Molecular differentiation and diversity of forcipomyia taiwana (diptera: ceratopogonidae) based on the mitochondrial cytochrome oxidase II sequence

W. B. Yeh, H. M. Lee, W. C. Tu, L. C. Tang, P. Y. Lee

Research output: Contribution to journalArticlepeer-review

6 Citations (Scopus)

Abstract

Forcipomyia taiwana (Shiraki), a biting midge, is one of the most annoying bloodsucking pests in Taiwan. In this study, partial DNA sequences of cytochrome c oxidase II from 113 individuals collected from 11 locations around the island were analyzed to delineate the differentiation pattern and possible dispersal processes of F. taiwana in Taiwan. The uncorrected nucleotide divergences, composed of mostly transition substitutions, were high (up to 2.7%) among the samples. Average comparable variations (≈0.7%) were found within and between populations. Phylogenetic analysis suggested that several distinct lineages exist and some can be found simultaneously in some populations. A relationship between sequence divergences among populations and their relative geographical distances was observed. Moreover, haplotype diversity was high in all populations, and low to middle levels (Fst = 0.004-0.288) of genetic differentiation were found among populations. Linearized calibration from sequence divergences and phylogenetic analysis showed that different ancestral lineages of F. taiwana possibly emerged as early as 0.6 million years ago. Taken together, genetic exchanges among these divergently ancestral lineages, likely caused by recent artificial events, have possibly led to the similarly diversified compositions of F. taiwana populations all around Taiwan nowadays.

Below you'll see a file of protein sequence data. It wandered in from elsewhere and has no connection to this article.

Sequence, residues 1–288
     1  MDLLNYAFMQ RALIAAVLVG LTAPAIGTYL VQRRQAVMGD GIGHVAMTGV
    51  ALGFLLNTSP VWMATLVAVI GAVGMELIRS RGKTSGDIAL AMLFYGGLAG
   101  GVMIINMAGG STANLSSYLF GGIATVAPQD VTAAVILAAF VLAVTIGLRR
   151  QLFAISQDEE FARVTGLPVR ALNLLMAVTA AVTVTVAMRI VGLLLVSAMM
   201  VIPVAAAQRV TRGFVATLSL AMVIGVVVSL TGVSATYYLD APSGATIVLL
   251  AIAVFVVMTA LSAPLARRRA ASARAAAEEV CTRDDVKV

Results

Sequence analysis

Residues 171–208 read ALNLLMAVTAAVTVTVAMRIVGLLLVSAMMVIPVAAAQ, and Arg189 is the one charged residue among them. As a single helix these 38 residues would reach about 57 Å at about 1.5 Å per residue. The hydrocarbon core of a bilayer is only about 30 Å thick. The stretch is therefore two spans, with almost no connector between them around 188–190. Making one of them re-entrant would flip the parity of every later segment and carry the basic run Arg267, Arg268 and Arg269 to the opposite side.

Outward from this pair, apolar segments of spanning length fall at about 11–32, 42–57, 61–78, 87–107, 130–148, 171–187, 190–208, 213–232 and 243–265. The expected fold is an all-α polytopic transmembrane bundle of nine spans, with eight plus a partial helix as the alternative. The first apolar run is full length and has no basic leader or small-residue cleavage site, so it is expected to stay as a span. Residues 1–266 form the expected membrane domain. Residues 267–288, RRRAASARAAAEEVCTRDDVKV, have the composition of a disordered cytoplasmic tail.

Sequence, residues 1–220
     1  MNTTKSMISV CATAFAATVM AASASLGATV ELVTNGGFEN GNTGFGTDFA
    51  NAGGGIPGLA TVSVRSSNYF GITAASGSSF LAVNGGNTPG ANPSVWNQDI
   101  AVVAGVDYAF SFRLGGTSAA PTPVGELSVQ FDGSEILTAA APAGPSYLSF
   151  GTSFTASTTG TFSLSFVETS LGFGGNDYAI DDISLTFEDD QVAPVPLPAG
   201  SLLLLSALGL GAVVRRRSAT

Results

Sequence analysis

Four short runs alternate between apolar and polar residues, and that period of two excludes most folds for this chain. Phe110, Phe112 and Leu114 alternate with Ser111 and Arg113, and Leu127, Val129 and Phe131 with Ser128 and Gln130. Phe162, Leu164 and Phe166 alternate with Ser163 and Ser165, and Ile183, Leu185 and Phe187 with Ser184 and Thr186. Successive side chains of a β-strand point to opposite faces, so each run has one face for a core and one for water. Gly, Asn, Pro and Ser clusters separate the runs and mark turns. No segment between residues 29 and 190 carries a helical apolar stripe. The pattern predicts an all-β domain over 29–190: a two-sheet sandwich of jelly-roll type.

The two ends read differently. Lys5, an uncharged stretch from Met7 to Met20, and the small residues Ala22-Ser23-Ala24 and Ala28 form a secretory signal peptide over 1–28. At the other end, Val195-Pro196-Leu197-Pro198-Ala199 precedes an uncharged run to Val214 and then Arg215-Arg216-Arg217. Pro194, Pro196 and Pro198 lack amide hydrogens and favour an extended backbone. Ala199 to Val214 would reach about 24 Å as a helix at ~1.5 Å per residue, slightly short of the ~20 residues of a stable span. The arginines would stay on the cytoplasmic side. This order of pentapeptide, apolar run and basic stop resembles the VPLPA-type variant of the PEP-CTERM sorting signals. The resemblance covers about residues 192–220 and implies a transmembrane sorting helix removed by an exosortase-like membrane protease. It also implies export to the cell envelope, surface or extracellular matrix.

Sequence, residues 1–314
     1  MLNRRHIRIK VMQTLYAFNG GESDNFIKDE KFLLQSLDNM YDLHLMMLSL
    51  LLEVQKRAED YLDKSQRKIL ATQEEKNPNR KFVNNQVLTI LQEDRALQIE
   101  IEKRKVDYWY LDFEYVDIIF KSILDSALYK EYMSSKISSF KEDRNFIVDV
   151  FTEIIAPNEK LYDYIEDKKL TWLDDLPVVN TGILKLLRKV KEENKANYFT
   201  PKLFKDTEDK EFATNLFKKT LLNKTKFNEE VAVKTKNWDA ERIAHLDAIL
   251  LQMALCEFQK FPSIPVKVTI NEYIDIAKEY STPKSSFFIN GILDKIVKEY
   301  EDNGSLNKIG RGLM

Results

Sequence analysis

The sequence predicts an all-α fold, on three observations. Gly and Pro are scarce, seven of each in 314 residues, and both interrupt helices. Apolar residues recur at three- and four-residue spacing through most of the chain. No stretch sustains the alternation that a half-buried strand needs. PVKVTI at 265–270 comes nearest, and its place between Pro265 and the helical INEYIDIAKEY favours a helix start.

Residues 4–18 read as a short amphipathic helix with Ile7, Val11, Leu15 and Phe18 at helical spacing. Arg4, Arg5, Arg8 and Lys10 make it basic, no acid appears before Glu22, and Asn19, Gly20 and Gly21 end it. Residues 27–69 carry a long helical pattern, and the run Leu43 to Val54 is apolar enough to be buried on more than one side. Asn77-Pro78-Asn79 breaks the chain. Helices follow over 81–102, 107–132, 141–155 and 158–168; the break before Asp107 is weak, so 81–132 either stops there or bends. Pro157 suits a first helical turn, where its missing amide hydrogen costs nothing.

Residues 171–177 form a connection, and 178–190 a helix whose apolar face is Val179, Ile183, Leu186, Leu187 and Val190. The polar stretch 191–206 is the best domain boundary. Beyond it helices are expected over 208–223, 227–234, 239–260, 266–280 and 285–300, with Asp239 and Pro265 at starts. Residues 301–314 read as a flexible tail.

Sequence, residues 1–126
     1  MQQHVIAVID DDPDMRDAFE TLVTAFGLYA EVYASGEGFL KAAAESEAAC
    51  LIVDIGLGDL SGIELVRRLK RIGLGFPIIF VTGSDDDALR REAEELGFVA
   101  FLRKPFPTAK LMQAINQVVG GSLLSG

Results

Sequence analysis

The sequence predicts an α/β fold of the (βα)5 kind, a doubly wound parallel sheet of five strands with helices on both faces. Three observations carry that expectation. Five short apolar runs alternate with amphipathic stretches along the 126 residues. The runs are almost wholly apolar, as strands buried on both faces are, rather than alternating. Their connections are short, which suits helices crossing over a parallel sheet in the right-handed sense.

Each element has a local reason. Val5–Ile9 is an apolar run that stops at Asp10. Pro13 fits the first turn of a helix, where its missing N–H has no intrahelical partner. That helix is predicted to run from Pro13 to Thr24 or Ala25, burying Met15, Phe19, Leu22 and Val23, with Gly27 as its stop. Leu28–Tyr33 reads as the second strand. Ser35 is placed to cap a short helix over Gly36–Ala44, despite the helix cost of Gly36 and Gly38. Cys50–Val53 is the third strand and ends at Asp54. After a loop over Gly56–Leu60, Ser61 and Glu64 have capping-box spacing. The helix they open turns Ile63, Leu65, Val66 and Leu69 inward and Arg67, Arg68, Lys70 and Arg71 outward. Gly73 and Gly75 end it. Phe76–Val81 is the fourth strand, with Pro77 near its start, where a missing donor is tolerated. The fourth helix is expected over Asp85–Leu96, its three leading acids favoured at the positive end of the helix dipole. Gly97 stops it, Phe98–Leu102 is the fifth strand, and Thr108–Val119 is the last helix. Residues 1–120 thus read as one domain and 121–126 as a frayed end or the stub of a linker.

Original languageEnglish
Pages (from-to)249-256
Number of pages8
JournalJournal of Medical Entomology
Volume46
Issue number2
DOIs
Publication statusPublished - Mar 2009
Externally publishedYes

Keywords

  • Cytochrome oxidase II
  • Forcipomyia taiwana
  • Genetic diversity

ASJC Scopus subject areas

  • Insect Science
  • veterinary(all)
  • Infectious Diseases
  • Parasitology

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